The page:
Origins of Gresham's Law
The minting of coins provides the most basic example of Gresham’s law applied. In fact, the law’s namesake, Sir Thomas Gresham, was referring to gold and silver coins in his relevant writing. Gresham lived from 1519 to 1579, working as a financier serving the queen and later founding the Royal Exchange of the City of London. Henry VIII had changed the composition of the English shilling, replacing a substantial portion of the silver with base metals. Gresham’s consultations with the queen explained that people were aware of the change and began separating the English shilling coins based on their production dates to hoard the coins with more silver which, when melted down, were worth more than their face value. Gresham observed that the bad money was driving out the good money from circulation.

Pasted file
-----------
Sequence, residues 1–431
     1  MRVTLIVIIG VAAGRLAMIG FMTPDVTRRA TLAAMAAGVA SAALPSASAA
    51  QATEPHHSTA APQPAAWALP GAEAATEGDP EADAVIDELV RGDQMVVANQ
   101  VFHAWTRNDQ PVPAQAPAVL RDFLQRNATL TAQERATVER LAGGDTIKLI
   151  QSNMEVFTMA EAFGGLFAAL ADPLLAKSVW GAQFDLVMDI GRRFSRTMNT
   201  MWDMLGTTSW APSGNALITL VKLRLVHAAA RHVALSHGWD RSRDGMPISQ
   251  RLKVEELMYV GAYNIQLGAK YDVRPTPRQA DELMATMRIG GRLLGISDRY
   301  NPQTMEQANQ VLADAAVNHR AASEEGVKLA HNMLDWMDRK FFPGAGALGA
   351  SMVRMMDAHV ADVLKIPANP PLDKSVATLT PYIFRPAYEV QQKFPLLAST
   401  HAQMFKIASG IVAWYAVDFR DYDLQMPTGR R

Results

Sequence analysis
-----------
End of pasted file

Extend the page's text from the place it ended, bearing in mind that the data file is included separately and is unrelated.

This phenomenon had been previously noticed and written about in ancient Greece and medieval Europe. The observation was not given the formal name "Gresham's law" until the middle of the 19th century, when Scottish economist Henry Dunning Macleod attributed the it to Gresham.
How Gresham's Law Works